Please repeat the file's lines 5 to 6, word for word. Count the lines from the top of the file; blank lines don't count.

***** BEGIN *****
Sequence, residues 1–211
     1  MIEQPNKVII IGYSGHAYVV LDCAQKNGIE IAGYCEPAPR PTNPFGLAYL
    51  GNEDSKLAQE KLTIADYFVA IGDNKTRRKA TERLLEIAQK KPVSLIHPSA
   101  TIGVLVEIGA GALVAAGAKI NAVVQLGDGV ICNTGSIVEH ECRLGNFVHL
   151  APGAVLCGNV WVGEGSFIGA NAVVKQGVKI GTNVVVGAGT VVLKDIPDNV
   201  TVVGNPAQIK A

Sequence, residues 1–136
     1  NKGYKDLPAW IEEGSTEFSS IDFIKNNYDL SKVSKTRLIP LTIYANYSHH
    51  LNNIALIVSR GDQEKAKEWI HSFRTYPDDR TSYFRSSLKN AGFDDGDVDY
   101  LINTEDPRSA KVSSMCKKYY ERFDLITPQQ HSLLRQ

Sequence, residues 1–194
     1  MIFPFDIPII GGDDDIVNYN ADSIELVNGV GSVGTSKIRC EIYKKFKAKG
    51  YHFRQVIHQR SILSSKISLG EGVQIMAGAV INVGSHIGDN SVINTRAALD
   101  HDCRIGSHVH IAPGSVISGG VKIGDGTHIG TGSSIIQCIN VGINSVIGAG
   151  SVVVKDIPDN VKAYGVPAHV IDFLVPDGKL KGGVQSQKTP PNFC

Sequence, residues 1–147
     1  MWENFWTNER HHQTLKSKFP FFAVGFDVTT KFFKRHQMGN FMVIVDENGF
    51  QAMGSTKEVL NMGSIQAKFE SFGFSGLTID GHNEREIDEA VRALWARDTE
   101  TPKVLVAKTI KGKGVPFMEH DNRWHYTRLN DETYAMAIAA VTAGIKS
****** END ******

   151  APGAVLCGNV WVGEGSFIGA NAVVKQGVKI GTNVVVGAGT VVLKDIPDNV
   201  TVVGNPAQIK A